The dark secrets of our rulers

Image: Elyeser Szturm

By Marco Aurélio de Carvalho*

The private chats about the backstage of the Lava Jato operation, conducted by former judge Sergio Moro, cracked the reputation of public agents that a large part of Brazil learned to admire. In the tangle of conversations there are deliberations that shock and cause astonishment.

The stories are being produced from a voluminous and unprecedented archive that includes private messages, audio recordings, videos, photos and even official documents. were sent to the The Intercept Brazil by an anonymous source. In the already published content, plots and articulations reveal a highly politicized approach and stumbling blocks in legality, “unethical behavior and transgressions that Brazil and the world have the right to know about”, as the website explains.

What is interesting to quickly analyze, from a legal point of view, are the foundations for the ongoing controversy. Should the disclosure of conversations, even obtained by illegal means, entail penalties for those who disclosed? Do the confidences have legal validity?

The journalistic action of the The Intercept Brazil brought to the current scenario the wiretapping that captured dialogues between then-president Dilma Rousseff and ex-president Lula. In that context, Judge Sérgio Moro justified himself on the grounds that not even the Presidency of the Republic “has absolute privilege” to protect his conversations.

Another episode from the past, mentioned by Judge Moro himself, was the case Watergate (1969-1974), when Richard Nixon, president of the United States, could not prevent conversations between him, his advisors and ministers, recorded and kept in the White House, from being released. In one of them, Nixon acts to prevent the FBI (US federal police) from proceeding with the case, which meant obstruction of the work of Justice and was a decisive step towards his resignation.

In the case of Lula and Dilma, an episode clearly different from the scandal Watergate, Moro stated that “it is not up to the Judiciary to be the guardian of the dark secrets of our rulers”. The then judge added, in the justification, that the governed must know what the rulers do, “even when they seek to act protected by the shadows”. Moro’s central idea is irreproachable: to cultivate, incessantly, “healthy public scrutiny of the performance of the Public Administration and of criminal justice itself”.

The example of the leaked audios of Dilma and Lula requires additional information. When analyzing the case, Minister Teori Zavascki determined the “nullity of the content of the collected conversations” and expressed a position frontally contrary to the media action and the “spectacularization” by the so-called “republic of Curitiba”. The Constitution, Zavascki pointed out, was violated because it allows the interception of personal communications only in case of obtaining evidence for investigation or criminal prosecution. As rapporteur, the Minister of the STF wrote: “the decision to disclose the President's conversations – even if found fortuitously in the interception – could not have been handed down in the first degree of jurisdiction, due to absolute incompetence; communication involving the President of the Republic is a matter of national security (Law n. 7.170 / 83), and her office prerogatives are protected by the Constitution”.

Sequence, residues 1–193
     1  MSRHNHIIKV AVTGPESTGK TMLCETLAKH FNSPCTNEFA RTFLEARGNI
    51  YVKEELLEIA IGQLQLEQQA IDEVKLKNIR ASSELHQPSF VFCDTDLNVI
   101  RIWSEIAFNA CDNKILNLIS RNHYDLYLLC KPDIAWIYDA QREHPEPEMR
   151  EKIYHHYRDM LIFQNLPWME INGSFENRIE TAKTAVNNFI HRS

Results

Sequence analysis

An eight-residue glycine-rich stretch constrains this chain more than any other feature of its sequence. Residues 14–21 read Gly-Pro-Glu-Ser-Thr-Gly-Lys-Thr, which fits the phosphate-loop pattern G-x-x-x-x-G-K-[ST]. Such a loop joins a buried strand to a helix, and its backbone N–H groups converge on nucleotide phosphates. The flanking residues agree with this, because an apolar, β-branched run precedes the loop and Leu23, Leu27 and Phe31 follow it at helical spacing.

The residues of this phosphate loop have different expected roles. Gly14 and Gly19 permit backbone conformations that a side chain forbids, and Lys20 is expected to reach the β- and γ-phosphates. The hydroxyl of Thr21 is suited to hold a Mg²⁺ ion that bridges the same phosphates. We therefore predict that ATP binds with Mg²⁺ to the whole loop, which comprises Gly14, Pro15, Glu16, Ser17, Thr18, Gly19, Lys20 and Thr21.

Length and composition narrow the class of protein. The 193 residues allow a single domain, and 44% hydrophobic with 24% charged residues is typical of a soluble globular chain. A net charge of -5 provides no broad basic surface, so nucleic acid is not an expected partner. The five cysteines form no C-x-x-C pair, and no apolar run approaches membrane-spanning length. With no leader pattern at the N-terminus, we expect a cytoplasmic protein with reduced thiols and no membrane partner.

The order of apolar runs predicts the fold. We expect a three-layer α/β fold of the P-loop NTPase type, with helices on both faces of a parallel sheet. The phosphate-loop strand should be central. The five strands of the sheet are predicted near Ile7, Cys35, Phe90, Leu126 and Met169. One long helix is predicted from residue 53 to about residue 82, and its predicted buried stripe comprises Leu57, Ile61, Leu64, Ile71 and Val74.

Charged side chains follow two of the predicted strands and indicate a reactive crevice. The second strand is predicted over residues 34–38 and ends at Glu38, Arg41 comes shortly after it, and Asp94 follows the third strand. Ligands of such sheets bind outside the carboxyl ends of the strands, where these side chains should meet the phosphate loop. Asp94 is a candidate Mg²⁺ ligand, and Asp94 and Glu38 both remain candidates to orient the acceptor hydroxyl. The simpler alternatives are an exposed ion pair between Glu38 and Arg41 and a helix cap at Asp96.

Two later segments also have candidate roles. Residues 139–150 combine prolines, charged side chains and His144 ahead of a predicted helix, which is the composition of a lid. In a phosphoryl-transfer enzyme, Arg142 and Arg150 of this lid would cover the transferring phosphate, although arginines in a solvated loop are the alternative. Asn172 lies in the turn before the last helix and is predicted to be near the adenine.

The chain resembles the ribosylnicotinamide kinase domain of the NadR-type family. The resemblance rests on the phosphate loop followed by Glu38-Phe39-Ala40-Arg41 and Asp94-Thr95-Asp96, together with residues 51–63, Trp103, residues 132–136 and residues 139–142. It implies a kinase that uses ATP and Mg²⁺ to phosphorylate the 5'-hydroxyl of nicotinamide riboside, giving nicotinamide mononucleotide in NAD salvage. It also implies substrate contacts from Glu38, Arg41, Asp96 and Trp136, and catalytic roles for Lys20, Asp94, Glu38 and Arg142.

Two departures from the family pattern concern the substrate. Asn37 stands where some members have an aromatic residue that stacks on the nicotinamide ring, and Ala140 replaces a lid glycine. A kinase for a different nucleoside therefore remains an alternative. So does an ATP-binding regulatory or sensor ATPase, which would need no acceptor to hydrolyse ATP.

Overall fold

The point of convergence in these events with high-octane fuels on the public atmosphere turns out to be the press. Messengers of bad news bother more than the news itself and those affected seek to take action against journalists or press organizations. A useless task, since there is no basis for attributing crime in the act of disclosure. The Constitution guarantees full freedom of the press and the secrecy of source preservation. In addition, in exercising their profession, journalists are guided by the State's duty to be accountable and by the social right to information.

Freedom of the press suffers attacks, above all, in situations in which journalism uses confidential content – ​​usually delivered by someone who participates, breaks the secrecy and leaks information – to inform the public of the existence of acts that society disapproves of.

Interestingly, leaks about the accused, still under investigation or in legal proceedings, come from State agents. However, there is a notable difference. When the authorities do not observe the constitutional limits – in disclosing, in obtaining evidence – there is blatant illegality. In turn, when disclosing recordings, documents or conversations by authorities to society, the journalist is simply exercising his craft. The illegality of anyone, even those who act representing the Public Power, does not contaminate the exercise of the profession by the journalist.

In the coming weeks, we will experience crucial decisions for our democracy. The legal issues here are complex and despite more controversies and incidents on the matter, the fundamental rights of citizens and journalists to freely exercise their profession need to be strengthened. To silence the press is to muzzle democracy.

By explaining the editorial line adopted to examine the vast material, removing inappropriate content and conversations that could infringe the right to privacy, The Intercept Brazil admirably sums up the work: “we employ the standard used by journalists in democracies around the world: information that reveals transgressions or deceptions by the powerful must be reported”.

Nothing to add!

*Marco Aurélio de Carvalho, a lawyer specializing in Public Law, is a founding member of the Brazilian Association of Jurists for Democracy (ABJD)

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